Thursday, January 1, 2015

Reading Your New Testament: Glean Everything You Can From Your New Testament

If you are one of my students, you'll hear me tell you over and over again, "Glean everything you can from your New Testament by reading it for yourself." I'm not against reading journal articles, commentaries, and other specialty studies, but you should read and mine your New Testament for all its worth and as well as your abilities permit. There is no competition when it comes to studying the Word of God. The standard to which God holds us is faithfulness and accuracy. That's what Paul means when he writes to Timothy, "Work hard to present yourself approved to God as a workman who does not need to be ashamed, accurately handling the word of truth." There's no comparison going on. It's God, his Word, and you. When you go to the Word, you go to meet him, and you do all that you do to please him.

If you're preparing to teach and you read from the New American Standard Bible, for example, read it for all it's worth! Look at what the author says, to whom he says it, how he says it, where in the discourse he says it. Pay attention to things like tense and aspect, voice and mood, person and number, gender, etc. If you are one of my students, hopefully you'll be gleaning everything you can from your Greek New Testament. I want my students to be using their Greek for the rest of their lives. Listen to something David Alan Black used to tell us all the time:
"The Bible teaches its own inspiration. The key passage is 2 Tim 3:16: ‘All Scripture is God-breathed . . . .’ That is, everything written down (πᾶσα γραφή) in the text of Scripture is inspired by God (θεόπνευστος). But this includes not only the words. Words are not the minimal units of meaning of language, nor are they the most important. A proper understanding of biblical inspiration, based on the Greek, would include the words but also the tense, voice, mood, aspect, person, number, gender, case, word order, phrase order, clause order, discourse structure, etc. All of these features were put into the text by the Holy Spirit, and it behooves interpreters of the New Testament to do their best to unpack what is there.”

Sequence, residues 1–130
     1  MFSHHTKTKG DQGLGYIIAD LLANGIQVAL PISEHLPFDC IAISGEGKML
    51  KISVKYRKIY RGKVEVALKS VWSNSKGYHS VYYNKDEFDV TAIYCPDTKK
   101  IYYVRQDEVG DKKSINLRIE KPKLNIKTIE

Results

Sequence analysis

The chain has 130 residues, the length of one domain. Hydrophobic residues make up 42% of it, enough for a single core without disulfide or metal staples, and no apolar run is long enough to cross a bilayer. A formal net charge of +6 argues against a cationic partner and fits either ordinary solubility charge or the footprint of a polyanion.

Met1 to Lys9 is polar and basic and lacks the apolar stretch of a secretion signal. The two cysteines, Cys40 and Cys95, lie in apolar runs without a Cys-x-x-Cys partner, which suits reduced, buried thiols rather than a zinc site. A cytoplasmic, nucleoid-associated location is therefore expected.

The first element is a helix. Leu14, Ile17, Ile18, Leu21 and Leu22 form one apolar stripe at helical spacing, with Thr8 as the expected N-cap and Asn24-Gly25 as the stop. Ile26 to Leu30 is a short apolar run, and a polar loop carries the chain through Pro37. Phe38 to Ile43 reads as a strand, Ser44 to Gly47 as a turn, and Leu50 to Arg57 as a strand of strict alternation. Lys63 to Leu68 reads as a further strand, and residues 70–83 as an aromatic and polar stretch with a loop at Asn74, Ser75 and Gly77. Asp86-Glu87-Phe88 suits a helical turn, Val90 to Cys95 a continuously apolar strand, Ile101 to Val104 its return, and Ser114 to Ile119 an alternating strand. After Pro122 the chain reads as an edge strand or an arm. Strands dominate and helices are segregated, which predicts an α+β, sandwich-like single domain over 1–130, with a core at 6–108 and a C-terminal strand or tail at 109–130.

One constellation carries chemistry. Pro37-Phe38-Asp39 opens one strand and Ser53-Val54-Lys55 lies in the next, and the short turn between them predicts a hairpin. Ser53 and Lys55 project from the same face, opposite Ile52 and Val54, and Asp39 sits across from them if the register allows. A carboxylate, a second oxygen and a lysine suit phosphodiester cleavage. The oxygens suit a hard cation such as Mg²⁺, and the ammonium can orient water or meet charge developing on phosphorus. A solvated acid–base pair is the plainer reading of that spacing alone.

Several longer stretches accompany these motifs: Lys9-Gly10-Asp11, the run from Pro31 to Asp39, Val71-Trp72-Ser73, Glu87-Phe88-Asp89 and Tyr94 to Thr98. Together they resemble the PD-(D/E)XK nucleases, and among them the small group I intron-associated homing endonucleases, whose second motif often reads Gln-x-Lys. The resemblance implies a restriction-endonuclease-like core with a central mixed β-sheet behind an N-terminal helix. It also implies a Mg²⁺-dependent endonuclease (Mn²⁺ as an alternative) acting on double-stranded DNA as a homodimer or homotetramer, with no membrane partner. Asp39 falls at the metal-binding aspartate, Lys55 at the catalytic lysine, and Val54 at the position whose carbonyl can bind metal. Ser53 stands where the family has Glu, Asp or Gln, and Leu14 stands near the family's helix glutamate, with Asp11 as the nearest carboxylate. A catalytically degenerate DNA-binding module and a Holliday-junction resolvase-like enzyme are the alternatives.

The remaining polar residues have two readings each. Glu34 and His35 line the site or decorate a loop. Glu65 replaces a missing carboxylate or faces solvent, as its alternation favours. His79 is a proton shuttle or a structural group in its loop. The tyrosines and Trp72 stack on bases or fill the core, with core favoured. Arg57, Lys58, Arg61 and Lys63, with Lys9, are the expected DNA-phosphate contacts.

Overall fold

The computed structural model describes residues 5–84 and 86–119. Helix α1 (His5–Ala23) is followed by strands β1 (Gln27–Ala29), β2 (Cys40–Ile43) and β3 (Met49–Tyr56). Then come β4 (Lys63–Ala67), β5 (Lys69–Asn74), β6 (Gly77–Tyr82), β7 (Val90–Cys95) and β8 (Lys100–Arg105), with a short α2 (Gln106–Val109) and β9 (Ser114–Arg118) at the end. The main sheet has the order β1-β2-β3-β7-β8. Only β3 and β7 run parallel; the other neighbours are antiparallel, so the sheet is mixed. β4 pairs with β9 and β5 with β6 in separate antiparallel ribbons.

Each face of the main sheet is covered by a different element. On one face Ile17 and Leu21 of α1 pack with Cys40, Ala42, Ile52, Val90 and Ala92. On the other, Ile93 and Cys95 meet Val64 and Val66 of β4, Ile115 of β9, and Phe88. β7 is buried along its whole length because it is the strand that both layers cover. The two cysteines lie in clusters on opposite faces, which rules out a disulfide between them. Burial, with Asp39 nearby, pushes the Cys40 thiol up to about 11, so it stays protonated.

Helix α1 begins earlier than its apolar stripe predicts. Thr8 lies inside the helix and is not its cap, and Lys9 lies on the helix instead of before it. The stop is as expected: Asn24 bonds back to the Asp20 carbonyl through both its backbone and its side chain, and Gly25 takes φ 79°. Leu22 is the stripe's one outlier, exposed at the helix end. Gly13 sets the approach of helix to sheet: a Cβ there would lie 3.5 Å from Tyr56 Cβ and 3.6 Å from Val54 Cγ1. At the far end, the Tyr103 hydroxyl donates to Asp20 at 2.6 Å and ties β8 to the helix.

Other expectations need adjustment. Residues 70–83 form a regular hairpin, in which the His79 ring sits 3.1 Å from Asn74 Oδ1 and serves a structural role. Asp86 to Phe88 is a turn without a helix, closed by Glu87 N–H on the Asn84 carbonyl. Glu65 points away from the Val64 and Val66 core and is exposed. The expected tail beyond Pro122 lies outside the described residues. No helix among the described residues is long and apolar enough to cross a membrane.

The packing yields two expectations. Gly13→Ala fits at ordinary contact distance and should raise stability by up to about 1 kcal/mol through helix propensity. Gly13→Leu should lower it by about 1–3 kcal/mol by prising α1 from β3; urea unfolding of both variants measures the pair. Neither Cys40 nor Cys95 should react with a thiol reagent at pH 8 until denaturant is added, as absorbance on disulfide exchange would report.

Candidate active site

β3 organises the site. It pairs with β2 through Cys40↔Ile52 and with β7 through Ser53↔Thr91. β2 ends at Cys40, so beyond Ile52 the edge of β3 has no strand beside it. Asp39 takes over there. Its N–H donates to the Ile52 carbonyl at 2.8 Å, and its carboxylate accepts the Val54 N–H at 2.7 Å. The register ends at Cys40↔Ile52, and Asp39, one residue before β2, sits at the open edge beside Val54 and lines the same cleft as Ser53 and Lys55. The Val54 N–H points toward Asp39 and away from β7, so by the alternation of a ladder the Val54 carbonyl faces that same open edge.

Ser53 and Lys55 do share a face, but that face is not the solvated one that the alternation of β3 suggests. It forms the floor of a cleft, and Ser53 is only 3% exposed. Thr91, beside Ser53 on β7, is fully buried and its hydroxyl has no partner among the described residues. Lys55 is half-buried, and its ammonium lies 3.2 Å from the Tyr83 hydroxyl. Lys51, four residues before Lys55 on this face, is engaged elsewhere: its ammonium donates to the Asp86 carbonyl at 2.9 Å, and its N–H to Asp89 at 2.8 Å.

Check out the tense. Look hard at those verbs. Check out the voice. The mood too! Think about the aspect. You can't just read your translation and be a sponge. Those were the old days. Now think through these grammatical issues. What person are we dealing with–first, second, or third? Does it matter? How do these things impact the way that we understand the passage? Look at the gender. What's going on with the order of words, phrases, clauses. Why does Paul give the charge in Philippians at the end of the first chapter, but waits so long to do so in Galatians? What's going on with the literary structure? Think through how authors use different prepositions in close proximity. Unpack finite verbs by paying attention to their participles. Look closely at their characteristics. Is there a shift? Anything peculiar?

There's so much you can see on your own. You'd be surprised at how much you can glean if you just bring a pen and start making observations. What you'll actually end up seeing is that you will make observations that just go unmentioned in the commentaries you consult later. You'll also realize that you know what you're looking for before using those commentaries, and you'll end up maximizing your time. You can get in and get out!

Write your observations out. Grab a piece of paper and jot them all down as you see them. That's time well spent. I promise you. Whatever you do, don't underestimate yourself. I'm not saying you can do it on your own. What I'm saying is, if you have the Holy Spirit (1 John 2:27), you can definitely do it!  Spend some time with the Lord and his Word. It's the best time you'll ever spend!

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